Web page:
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transmission the rates of infection has dropped to 60%. there were over 600,000 babies infected with hiv in twof 2000 d less than 200,000 this year. issue with adolescents is that most of those teenagers dying of aids were infected as babies. so three were infected due to mother to child transmission before prevention of mother to child prevention programs were scaled up. during adolescence it's not a time when you naturally look for infection. so diagnosing has been a problem. >> it is the final day of campaigning in burkina faso. 14 candidates are in the race for sunday's election including this man, rock makaburi who
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served as a vice president in blaise cam poo campaori's gover. >> days to go until the country's presidential elections and he says he doesn't want the result are from the revolution forgotten. >> translator: it's important that people remember what happened in october 2014. the struggle for change. the expression by the youth of this country of their desire for change. true democracy and human rights. >> the political crisis began when president blaise exoo campi attempted to change the constitution.
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protests turned into a mass upriding, the president need ouagadougo for nearby ivory coast. >> i can't express my feelings the time the president left the country. i felt joy, at the same time i felt proud that we had accomplished such a huge task. >> a new transition of government was put in place, charged with organizing elections. the powerful presidential guard detained the leaders. transitional administration, the elections on sunday will bring the transition to an end. yet some are skeptical the polls will bring real change to burkina faso. >> people are watching the candidates closely. there's no one of them who has not worked with blaze campaori. are. >> in the absence of a sitting
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president in the race they believe something goodwill come out of these election. mohammed mohammamohammad adow, , burkina faso. dip follows a series of controversial comments an criticism for donald trump's mock of a disabled new york times reporter. the u.s. billionaire's biggest poll drop since july. thousands of people have been on the streets of chicago protesting against racism and brutality. over the shooting death of a black teenager by a police officer last year. allen fisher reports. >> it was a short stretch of defiance and anger, that targets chicago's busiest shopping street on the busiest shopping day of the year. after the killing of black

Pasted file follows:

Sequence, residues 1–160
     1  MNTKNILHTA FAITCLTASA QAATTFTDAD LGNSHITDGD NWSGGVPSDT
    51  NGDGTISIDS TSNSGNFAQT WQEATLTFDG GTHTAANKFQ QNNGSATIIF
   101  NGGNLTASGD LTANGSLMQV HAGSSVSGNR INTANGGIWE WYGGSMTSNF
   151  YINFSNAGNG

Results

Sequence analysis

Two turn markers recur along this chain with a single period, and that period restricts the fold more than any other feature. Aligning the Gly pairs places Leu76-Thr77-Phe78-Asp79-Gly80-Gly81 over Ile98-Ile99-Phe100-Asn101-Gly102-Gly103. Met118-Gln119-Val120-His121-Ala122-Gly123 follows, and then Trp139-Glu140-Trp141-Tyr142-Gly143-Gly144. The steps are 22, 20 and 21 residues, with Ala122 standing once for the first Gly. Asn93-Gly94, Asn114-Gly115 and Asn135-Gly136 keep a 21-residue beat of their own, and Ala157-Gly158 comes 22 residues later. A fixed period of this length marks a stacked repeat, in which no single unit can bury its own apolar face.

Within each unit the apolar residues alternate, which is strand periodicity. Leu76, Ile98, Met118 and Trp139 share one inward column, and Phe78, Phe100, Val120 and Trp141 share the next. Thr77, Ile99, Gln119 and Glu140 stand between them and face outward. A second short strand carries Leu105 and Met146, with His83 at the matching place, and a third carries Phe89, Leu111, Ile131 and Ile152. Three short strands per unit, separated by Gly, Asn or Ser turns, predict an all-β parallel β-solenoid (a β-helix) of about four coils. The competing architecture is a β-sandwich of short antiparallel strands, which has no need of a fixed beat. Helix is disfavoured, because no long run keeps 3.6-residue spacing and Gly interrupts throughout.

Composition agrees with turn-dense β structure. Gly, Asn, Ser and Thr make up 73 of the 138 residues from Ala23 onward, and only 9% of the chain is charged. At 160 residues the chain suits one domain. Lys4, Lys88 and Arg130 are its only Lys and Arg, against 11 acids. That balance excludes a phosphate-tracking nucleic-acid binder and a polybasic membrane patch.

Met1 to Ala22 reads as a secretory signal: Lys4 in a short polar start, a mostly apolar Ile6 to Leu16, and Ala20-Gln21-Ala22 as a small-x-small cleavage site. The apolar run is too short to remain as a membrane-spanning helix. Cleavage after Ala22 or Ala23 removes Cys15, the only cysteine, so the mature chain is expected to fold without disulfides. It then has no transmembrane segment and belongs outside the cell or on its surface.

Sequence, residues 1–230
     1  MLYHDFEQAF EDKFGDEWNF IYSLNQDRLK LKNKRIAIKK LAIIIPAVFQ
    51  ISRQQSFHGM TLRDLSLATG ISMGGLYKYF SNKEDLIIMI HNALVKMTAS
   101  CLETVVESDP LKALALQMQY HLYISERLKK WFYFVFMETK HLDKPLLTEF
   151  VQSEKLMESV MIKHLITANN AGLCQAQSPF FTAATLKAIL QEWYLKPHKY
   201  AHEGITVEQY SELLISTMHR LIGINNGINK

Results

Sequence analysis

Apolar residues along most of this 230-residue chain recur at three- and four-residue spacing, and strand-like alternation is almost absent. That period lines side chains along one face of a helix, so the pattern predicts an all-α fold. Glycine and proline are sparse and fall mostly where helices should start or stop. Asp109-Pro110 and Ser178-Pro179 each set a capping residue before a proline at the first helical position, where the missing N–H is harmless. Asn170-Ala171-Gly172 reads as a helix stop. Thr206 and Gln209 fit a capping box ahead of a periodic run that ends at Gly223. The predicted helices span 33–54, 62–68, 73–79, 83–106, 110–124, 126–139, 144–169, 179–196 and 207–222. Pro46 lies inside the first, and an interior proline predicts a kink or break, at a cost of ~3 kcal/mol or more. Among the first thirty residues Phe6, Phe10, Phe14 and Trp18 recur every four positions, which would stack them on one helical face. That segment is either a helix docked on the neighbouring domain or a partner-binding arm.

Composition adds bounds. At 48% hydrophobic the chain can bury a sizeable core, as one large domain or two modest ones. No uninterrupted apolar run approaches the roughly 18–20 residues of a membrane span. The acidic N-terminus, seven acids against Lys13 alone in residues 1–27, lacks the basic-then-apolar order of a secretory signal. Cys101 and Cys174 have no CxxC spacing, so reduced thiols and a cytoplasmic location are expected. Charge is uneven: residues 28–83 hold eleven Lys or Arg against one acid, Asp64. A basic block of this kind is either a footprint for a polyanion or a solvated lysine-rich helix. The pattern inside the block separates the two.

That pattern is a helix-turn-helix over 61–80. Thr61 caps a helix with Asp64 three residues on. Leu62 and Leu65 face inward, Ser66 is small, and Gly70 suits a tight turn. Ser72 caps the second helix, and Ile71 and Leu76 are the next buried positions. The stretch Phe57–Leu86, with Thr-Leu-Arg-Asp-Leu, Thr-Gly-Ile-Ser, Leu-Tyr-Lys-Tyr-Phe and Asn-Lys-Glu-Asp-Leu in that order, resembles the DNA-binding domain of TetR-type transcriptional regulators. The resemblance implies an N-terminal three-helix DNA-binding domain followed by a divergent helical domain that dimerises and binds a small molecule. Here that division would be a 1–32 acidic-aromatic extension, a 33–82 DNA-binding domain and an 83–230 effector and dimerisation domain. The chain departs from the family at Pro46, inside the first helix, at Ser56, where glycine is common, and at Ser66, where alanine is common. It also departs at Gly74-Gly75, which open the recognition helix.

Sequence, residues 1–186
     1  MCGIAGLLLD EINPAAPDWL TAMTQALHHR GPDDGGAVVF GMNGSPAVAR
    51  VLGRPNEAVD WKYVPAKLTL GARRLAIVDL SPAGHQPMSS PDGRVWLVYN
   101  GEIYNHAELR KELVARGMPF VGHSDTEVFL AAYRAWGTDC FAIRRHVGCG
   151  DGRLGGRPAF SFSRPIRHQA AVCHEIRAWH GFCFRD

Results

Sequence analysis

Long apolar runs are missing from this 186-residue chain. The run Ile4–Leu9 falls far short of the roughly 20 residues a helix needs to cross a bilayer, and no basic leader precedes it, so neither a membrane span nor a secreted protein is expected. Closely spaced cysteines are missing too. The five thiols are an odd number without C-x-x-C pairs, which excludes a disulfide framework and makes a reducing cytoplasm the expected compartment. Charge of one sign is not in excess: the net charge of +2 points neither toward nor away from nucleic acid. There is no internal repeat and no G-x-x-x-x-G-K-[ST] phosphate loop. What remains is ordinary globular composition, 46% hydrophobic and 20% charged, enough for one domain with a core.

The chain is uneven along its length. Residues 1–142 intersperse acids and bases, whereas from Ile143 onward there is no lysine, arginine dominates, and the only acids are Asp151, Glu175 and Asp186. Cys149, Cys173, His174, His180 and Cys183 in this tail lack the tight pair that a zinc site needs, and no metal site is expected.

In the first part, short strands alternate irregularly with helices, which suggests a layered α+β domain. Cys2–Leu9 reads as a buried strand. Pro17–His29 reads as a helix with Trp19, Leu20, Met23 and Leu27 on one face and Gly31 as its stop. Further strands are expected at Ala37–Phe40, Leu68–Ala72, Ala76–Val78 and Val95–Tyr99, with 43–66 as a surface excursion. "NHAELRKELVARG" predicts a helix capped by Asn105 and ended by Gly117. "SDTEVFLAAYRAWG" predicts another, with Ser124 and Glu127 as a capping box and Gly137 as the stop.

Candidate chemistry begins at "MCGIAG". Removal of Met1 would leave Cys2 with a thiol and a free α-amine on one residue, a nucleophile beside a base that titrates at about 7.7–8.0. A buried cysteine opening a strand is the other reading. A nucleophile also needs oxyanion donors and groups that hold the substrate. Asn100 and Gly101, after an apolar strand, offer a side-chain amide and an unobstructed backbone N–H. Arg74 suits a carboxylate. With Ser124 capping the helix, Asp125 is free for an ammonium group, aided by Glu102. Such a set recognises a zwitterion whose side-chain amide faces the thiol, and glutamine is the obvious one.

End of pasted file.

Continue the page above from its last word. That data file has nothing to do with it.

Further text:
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teenager la quan mcdonald by a white police officer. on the front, civil rights leader jesse jackson. >> the man who saw it didn't try to stop him and didn't report what happened. that's the cause, the blue code of silence that protect each other and makes them less able to be credible. even in the new police infrastructure and culture. >> the 17-year-old was shot 16 times by one police officer. video of his death was released the day jason van dyke was charged with murder, 13 months after the incident. demonstrators, infiltrated stores on the magnificent mile. >> this is a normal holiday for many. hundreds and hundreds of people have come out on the street to
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demand change on the streets of chicago and the way their complaints are being handled. >> we want justice, simple as that. >> killing innocent people, they don't have to, that doesn't make sense for anybody. >> shooting down young black people in chicago. >> famous names find human chains blocking their doors. losses for the stores in the tens if thought hundreds of thousands of dollars. >> we are going to start the money the revenue which hurts dearly to the city and to the state, to show them that this going to hurt them in the long run. >> reporter: in places managers tried to keep the doors open but eventually had to admit defeat. the protest, loud angry and peaceful are the latest over the death of a black man by the hands of police in the united
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states. they say there will be more and insist there has to be change in culture of policing in chicago and across america. allen fisher, al jazeera, chicago. >> all the news of course on our website, there it is on your screen, the address, aljazeera.com. on "america tonight", a special look at the force beneath the wave. >> i felt like i was in a washing machine. i mean, i was tossed and turned. >> reporter: what's the next thing you remember? >> i thought it was an ugly way to die. >> the el nino is larger than the godzilla el-nino in '97 and '98. 20 years ago we talked about el nino being destructive.